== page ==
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U.K. Recession Deepens

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As the world counts down to the opening of the Olympic Games in London on Friday, Londoners—and others in Britain—are dealing with an economy that in Q2 of this year slowed considerably more than expected. Also, with British banks being pressured to estimate the effects of the LIBOR rigging scandal on their balance sheets ahead of earnings reports expected later this week for the first half of the year, the numbers are expected to be “underwhelming.”

Bloomberg reported Wednesday that the Office for National Statistics in London announced Q2 numbers indicating a deepening recession. GDP fell for the third straight quarter, but it was the amount that surprised: a 0.7% plunge after Q1’s numbers dropped 0.3%. Economists surveyed earlier had expected a median fall of 0.2%.

The U.K. economy was also down 0.8% from a year ago; when economists had predicted a 0.3% year-on-year drop. It had not fallen so much since Q3 of 2009. While unemployment was a slight bright spot, down to 8.1% in the three months through April from 8.2%, thanks in part to the coming Olympics, the rest of the numbers were not so bright.

Reuters reported that the service sector, making up more than 75% of Britain’s GDP, fell by 0.1%, after rising 0.2% in Q1. Industrial output fell by 1.3%. Construction followed suit, plunging by 5.2%—the most since Q1 of 2009.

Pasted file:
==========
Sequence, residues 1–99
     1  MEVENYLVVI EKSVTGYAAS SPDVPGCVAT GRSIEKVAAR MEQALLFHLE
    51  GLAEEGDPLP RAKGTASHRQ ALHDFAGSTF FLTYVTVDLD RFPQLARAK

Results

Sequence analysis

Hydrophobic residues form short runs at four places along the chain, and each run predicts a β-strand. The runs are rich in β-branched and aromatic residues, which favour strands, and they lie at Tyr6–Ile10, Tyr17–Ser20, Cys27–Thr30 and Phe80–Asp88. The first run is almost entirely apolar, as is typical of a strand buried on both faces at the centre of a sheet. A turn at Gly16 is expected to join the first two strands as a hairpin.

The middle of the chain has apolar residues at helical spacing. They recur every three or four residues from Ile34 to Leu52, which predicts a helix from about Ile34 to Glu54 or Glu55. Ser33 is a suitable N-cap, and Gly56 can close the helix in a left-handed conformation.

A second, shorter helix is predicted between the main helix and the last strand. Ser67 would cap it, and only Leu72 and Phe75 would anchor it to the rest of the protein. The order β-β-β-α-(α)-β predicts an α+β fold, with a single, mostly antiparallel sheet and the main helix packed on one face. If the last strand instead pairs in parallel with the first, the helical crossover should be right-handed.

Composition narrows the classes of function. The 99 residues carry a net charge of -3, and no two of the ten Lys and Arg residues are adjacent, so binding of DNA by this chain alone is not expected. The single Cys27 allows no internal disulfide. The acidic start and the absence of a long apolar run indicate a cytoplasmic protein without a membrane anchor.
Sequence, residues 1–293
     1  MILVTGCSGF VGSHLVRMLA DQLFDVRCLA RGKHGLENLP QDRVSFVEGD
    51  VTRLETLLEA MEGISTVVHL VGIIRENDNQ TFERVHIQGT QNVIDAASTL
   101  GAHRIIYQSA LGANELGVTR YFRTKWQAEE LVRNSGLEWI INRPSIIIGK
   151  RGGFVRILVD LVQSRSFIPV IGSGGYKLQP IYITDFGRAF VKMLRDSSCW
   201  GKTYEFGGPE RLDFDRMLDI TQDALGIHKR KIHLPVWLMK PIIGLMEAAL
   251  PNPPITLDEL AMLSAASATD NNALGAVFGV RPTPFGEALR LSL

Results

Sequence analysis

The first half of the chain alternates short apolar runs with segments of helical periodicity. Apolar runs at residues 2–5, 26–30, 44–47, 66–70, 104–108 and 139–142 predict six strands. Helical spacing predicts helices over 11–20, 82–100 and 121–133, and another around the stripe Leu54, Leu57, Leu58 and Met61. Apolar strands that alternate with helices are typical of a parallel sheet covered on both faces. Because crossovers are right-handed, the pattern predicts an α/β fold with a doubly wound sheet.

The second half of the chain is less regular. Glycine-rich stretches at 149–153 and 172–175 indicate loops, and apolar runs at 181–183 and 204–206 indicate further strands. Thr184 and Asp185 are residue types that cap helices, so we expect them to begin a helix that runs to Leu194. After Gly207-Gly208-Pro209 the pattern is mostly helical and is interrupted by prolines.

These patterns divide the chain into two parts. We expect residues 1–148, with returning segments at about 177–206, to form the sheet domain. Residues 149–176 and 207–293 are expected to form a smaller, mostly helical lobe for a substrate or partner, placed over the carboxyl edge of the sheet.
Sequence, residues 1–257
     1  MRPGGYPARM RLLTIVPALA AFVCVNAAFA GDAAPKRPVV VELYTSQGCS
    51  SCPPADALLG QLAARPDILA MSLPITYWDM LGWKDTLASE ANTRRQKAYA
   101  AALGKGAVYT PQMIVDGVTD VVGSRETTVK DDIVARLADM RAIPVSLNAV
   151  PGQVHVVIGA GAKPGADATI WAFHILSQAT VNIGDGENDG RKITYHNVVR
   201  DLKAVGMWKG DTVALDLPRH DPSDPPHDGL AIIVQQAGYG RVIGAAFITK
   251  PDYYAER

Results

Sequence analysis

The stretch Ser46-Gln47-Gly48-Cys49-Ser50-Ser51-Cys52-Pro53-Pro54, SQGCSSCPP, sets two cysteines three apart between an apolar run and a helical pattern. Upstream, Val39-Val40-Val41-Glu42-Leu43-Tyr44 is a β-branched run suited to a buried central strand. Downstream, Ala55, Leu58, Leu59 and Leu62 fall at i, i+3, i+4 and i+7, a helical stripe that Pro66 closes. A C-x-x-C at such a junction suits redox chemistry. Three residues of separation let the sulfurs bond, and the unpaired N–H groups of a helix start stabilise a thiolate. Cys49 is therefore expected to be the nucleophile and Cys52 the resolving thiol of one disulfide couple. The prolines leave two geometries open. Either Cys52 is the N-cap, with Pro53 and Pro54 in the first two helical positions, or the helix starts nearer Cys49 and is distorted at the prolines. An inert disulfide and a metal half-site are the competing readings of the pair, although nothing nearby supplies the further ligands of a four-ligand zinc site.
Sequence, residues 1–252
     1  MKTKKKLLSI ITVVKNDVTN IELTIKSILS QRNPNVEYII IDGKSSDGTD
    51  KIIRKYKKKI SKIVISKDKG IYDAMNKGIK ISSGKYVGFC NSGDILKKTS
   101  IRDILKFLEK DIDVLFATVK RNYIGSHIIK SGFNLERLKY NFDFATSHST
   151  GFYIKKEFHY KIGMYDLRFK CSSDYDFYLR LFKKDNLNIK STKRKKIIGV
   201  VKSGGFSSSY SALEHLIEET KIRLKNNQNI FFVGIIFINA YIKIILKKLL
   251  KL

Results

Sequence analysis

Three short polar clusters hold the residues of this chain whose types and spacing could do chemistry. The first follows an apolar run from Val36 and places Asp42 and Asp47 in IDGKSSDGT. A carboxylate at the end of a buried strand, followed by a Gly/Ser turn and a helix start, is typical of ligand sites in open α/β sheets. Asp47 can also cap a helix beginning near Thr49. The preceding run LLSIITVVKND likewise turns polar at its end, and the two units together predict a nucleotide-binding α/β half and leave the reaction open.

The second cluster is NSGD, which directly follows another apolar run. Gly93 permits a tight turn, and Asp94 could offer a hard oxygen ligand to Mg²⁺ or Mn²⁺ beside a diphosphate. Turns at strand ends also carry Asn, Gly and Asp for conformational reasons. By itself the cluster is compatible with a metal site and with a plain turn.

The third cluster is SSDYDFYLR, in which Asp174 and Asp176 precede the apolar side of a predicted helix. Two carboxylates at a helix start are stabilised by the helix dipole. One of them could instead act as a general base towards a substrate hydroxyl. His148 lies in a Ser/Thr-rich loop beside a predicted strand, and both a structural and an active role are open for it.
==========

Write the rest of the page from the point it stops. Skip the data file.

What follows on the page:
The statistics office said some fall in GDP was expected because of the extra holiday for the queen’s diamond jubilee. The wettest second quarter on record was also cited, with both events creating “additional uncertainty.” The office also said the GDP report included estimates for June based on the effects of previous jubilee holidays in 1977 and 1992.

“This is terrible data. Frankly there’s nothing good that comes out of these numbers at all,” said Peter Dixon in the report. Dixon, an economist at Commerzbank, added, “The economy looks to be badly holed below the water line at this stage. It’s a far worse period of activity than we’d expected.”

The report puts additional pressure on both Prime Minister David Cameron and Chancellor of the Exchequer George Osborne to rethink their commitment to austerity measures in an effort to eliminate the country’s structural budget deficit over the next five years, as the Labour Party turns on the heat over such measures trying to do too much too soon.

However, both continue to resist a change in strategy. Osborne and Bank of England (BoE) Governor Mervyn King worry that a change could trigger a loss of confidence in Britain’s commitment to long-term deficit reduction.

In a statement, Osborne said, “We’re dealing with our debts at home and the debt crisis abroad. We’ve made progress over the last two years in cutting the deficit by 25% and businesses have created over 800,000 new jobs.”